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"A Missing Step in the Modernisation Stairway – Any Role for Block Exemption Regulations in the realm of Regulation 1/2003?" with A. Sánchez

Block exemption regulations (BER) survived the modernisation of EU competition law. According to the Commission, they play a major role in the system instituted by Regulation 1/2003. Some authors consider that BER are conceptually hard to nest within the new system, but that they provide legal certainty. Others adopt a more critical approach and propose their axing. This paper adopts the latter approach. In view of the mixed messages that the Commission has been sending in the review of existing general and industry specific BER, this paper revisits the institution of BER, its justification and need in the decentralised system brought forward by Regulation 1/2003 and the more economic approach to EU competition law. After stating the initial justification for BER under the prior enforcement system, the paper stresses the difficulties for their fitness within the new paradigm, focusing on the distortions that they may generate for an effective and consistent enforcement of EU competition law. In order to complete the modernisation of EU competition law in a second wave (that is, as a consequence of the current revision of Regulation 1/2003), the paper recommends a clear-cut policy to abrogate all BER and to issue substitutive guidelines in exchange.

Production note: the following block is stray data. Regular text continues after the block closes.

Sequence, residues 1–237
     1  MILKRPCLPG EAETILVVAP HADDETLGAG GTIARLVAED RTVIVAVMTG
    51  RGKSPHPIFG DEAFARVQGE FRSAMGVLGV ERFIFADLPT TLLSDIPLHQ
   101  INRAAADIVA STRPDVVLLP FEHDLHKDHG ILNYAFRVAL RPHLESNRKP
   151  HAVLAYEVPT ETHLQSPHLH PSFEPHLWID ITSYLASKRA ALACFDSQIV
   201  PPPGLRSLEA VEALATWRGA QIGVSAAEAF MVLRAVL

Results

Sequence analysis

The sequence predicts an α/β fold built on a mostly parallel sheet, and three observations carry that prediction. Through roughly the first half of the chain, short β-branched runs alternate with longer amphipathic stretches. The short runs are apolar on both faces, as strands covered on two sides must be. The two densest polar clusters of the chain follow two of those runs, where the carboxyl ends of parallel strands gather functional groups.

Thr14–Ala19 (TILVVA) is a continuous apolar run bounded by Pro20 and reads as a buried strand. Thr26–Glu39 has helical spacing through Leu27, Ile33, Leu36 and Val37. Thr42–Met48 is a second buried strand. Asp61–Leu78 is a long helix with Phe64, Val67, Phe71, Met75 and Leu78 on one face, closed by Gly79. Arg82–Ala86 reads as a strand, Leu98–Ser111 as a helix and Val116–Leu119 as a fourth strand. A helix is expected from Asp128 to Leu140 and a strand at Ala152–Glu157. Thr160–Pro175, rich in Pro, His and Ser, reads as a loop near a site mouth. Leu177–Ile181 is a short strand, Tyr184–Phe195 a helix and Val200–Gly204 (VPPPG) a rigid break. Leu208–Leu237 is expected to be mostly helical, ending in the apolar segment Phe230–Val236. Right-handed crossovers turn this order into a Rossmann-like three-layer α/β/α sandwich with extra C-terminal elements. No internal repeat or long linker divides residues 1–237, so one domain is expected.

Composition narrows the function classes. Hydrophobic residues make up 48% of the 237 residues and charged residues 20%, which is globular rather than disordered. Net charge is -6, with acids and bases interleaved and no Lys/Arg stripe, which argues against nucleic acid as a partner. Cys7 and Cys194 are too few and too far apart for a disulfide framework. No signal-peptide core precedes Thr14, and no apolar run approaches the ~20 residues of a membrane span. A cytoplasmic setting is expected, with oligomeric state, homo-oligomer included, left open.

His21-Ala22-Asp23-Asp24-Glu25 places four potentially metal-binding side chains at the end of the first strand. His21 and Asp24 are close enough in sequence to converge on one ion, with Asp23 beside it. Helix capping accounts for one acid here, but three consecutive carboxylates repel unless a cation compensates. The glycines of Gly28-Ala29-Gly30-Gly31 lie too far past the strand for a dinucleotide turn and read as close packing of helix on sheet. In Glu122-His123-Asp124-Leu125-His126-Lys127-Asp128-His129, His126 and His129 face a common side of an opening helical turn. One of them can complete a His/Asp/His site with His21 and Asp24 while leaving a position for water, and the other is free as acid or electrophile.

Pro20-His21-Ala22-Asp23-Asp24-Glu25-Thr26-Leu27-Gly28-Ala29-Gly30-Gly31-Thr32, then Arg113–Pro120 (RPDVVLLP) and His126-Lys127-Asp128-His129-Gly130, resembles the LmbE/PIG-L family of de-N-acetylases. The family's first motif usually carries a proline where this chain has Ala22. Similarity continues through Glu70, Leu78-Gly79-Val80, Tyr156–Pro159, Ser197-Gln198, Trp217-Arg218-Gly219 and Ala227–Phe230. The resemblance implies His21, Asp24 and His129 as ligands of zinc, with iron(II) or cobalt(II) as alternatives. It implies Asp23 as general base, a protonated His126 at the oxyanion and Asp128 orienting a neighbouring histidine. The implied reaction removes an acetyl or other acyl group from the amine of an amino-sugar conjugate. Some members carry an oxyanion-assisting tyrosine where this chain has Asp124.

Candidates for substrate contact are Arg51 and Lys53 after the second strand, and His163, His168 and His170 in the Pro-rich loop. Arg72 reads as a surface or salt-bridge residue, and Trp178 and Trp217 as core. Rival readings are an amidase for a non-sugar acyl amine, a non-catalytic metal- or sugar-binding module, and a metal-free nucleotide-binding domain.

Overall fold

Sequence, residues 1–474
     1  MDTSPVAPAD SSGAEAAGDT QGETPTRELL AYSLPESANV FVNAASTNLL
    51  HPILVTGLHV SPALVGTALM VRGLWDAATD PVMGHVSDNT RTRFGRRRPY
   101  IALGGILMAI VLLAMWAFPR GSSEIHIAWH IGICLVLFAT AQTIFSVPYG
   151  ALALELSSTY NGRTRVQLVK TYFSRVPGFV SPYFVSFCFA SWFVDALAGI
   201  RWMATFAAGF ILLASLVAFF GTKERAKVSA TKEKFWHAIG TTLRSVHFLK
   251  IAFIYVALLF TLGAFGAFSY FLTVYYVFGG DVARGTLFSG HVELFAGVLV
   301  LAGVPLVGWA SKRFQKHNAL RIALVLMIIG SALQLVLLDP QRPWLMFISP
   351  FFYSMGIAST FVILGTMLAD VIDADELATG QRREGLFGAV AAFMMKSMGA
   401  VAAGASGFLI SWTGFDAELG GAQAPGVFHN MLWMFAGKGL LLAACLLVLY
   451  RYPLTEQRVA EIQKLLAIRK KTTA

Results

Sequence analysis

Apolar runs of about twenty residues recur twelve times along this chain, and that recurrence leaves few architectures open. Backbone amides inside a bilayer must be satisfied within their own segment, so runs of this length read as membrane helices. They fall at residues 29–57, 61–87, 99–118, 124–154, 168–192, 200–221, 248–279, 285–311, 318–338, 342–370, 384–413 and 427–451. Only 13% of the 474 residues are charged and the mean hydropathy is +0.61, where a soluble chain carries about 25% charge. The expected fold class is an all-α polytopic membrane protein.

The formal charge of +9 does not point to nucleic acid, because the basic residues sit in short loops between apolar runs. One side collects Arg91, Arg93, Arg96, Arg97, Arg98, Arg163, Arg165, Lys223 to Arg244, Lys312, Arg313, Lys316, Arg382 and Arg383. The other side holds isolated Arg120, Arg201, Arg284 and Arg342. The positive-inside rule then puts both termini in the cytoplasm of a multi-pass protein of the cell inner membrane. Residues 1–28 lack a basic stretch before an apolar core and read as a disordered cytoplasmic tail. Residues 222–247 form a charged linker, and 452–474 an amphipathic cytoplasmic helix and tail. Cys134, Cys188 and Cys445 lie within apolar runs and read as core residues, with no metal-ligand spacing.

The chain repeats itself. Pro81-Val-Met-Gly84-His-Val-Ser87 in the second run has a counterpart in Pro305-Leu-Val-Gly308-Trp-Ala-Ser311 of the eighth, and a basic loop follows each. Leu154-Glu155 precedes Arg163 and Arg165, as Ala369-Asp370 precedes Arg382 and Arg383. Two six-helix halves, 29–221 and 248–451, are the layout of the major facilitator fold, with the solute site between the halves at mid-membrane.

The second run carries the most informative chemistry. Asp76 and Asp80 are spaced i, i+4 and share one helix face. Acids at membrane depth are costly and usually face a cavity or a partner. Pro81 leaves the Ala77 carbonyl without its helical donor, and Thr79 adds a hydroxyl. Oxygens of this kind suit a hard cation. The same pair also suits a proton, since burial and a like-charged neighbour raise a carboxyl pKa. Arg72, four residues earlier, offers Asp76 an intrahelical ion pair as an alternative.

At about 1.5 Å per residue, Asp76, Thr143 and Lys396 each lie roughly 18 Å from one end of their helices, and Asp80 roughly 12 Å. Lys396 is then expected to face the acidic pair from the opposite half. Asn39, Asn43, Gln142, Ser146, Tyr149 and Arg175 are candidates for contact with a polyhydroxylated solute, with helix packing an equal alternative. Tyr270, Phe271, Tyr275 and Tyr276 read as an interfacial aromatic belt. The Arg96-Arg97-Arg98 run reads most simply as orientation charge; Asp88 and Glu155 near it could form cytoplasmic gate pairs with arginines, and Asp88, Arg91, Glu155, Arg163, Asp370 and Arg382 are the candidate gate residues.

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together with A. Sánchez The Competition Journal, vol. 6/2, July 2010, pages 183-201.

Leniency and Criminal Sanctions: Happily Married or Uneasy Bedfellows?

This this chapter of the book Anti-Cartel Enforcement in a Contemporary Age: Leniency Religion, the authors consider a range of theories that may explain the dynamics in the cartel leniency — cartel criminalisation relationship and, in particular, that address the question as to whether the relationship suggests a largely instrumental justification for criminalisation (that is, using criminal sanctions to bolster leniency policies), as distinct from a more normative justification (that is, using criminal sanctions to reflect and punish the harmful and delinquent nature of cartels). Whichever theory is favoured, the authors argue that the relationship is problematic, replete with ambiguities, tensions and contradictions that threaten the legitimacy and effectiveness of both competition and criminal law enforcement. In making this case, Harding, Edwards and Beaton-Wells canvas the fragility of the economic policy justifications for singling out certain types of cartel conduct for criminal treatment; the retributive compromise and foreclosure inherent in a leniency-driven strategy of enforcement; the ways in which leniency policy underscores and may even reinforce the otherwise immoral (cheating) behaviour said to attract the moral opprobrium associated with criminal sanctions; the ways in which leniency policy shapes and distorts the relationship between cartelists as prospective leniency applicants and competition authorities; and the potential for leniency policy to be ‘gamed’ by cartelists and the associated risk of business capture of the legal process.
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Christopher Harding, Caron Beaton-Wells and Jennifer Edwards, 'Leniency and Criminal Sanctions: Happily Married or Uneasy Bedfellows?' in in C Beaton-Wells and C Tran (eds), Anti-Cartel Enforcement in a Contemporary Age: Leniency Religion, Hart Publishing, 2015, ch 12, pp234-260

Anti-Cartel Enforcement in a Contemporary Age: Leniency Religion